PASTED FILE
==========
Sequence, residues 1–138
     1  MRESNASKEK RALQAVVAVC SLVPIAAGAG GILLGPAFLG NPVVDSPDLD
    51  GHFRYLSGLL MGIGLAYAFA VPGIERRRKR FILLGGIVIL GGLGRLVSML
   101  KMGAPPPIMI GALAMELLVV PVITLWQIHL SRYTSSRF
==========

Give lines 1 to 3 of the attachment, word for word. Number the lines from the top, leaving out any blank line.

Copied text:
Sequence, residues 1–138
     1  MRESNASKEK RALQAVVAVC SLVPIAAGAG GILLGPAFLG NPVVDSPDLD
    51  GHFRYLSGLL MGIGLAYAFA VPGIERRRKR FILLGGIVIL GGLGRLVSML